- timber (n.)
- Old English timber "building, structure," in late Old English "building material, trees suitable for building," and "trees or woods in general," from Proto-Germanic *timran (cognates: Old Saxon timbar "a building, room," Old Frisian timber "wood, building," Old High German zimbar "timber, wooden dwelling, room," Old Norse timbr "timber," German Zimmer "room"), from PIE *deme- "to build," possibly from root *dem- "house, household" (source of Greek domos, Latin domus; see domestic (adj.)).
The related Old English verb timbran, timbrian was the chief word for "to build" (compare Dutch timmeren, German zimmern). As a call of warning when a cut tree is about to fall, it is attested from 1912 in Canadian English. Timbers in the nautical slang sense (see shiver (v.2)) is from the specialized meaning "pieces of wood composing the frames of a ship's hull" (1748).
The timber-wolf (1846) of the U.S. West is the gray wolf, not confined to forests but so-called to distinguish it from the prairie-wolf (coyote).
- timberline (n.)
- 1867, from timber + line (n.).
- timbre (n.)
- "characteristic quality of a musical sound," 1849, from French timbre "quality of a sound," earlier "sound of a bell," from Old French, "bell without a clapper," originally "small drum," probably via Medieval Greek *timbanon, from Greek tympanon "kettledrum" (see tympanum). Timbre was used in Old French (13c.) and Middle English (14c.) to render Latin tympanum in Ps. 150.
- timbrel (n.)
- percussive Middle Eastern instrument, c. 1500, diminutive of timbre (14c.), from Old French timbre in its older sense of "drum" (see timbre). Used in Bible translations, chiefly to render Hebrew toph, cognate with Arabic duff "drum," of imitative origin.
- city on the southern edge of the Sahara desert, older spelling Timbuctoo, used allusively in English for "most distant place imaginable" from at least 1863. The name is from Songhai, literally "hollow," in reference to the depression in which it stands.
- time (n.)
- Old English tima "limited space of time," from Proto-Germanic *timon- "time" (cognates: Old Norse timi "time, proper time," Swedish timme "an hour"), from PIE *di-mon-, suffixed form of root *da- "cut up, divide" (see tide (n.)).
Abstract sense of "time as an indefinite continuous duration" is recorded from late 14c. Personified since at least 1509 as an aged bald man (but with a forelock) carrying a scythe and an hour-glass. In English, a single word encompasses time as "extent" and "point" (French temps/fois, German zeit/mal) as well as "hour" (as in "what time is it?" compare French heure, German Uhr). Extended senses such as "occasion," "the right time," "leisure," or times (v.) "multiplied by" developed in Old and Middle English, probably as a natural outgrowth of such phrases as "He commends her a hundred times to God" (Old French La comande a Deu cent foiz).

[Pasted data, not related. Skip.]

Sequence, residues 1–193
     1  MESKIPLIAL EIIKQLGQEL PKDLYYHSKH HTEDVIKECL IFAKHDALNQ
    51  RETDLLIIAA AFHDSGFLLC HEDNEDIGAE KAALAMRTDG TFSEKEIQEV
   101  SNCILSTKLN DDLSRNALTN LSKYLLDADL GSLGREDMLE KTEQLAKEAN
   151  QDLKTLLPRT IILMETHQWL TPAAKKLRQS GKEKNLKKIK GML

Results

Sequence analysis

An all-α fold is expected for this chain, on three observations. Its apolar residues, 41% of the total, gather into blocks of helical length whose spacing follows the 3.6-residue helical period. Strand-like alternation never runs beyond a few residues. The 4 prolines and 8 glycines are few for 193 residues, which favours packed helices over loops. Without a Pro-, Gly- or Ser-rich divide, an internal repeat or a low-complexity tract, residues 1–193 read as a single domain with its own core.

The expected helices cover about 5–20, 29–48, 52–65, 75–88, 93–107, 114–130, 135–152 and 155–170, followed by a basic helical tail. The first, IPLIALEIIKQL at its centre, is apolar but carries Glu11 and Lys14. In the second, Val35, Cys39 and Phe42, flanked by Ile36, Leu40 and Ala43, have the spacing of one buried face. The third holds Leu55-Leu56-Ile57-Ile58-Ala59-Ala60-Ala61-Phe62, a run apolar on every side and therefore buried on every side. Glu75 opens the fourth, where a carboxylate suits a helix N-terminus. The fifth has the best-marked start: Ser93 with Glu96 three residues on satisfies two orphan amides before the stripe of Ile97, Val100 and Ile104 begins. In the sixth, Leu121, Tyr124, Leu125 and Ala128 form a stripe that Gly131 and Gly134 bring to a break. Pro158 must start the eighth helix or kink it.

to have a good time ( = a time of enjoyment) was common in Eng. from c 1520 to c 1688; it was app. retained in America, whence readopted in Britain in 19th c. [OED]
Time of day (now mainly preserved in negation, i.e. what someone won't give you if he doesn't like you) was a popular 17c. salutation (as in "Good time of day vnto your Royall Grace," "Richard III," I.iii.18), hence to give (one) the time of day "greet socially" (1590s); earlier was give good day (mid-14c.). The times "the current age" is from 1590s. Behind the times "old-fashioned" is recorded from 1831. Times as the name of a newspaper dates from 1788.
Time warp first attested 1954; time-traveling in the science fiction sense first recorded 1895 in H.G. Wells' "The Time Machine." Time capsule first recorded 1938, in reference to the one "deemed capable of resisting the effects of time for five thousand years preserving an account of universal achievements embedded in the grounds of the New York World's fair."
Jones [archaeologist of A.D. 5139] potters about for a while in the region which we have come to regard as New York, finds countless ruins, but little of interest to the historian except a calcified direction sheet to something called a "Time Capsule." Jones finds the capsule but cannot open it, and decides, after considerable prying at the lid, that it is merely evidence of an archaic tribal ceremony called a "publicity gag" of which he has already found many examples. ["Princeton Alumni Weekly," April 14, 1939]
To do time "serve a prison sentence" is from 1865. Time frame is attested by 1964; time-limit is from 1880. About time, ironically for "long past due time," is recorded from 1920.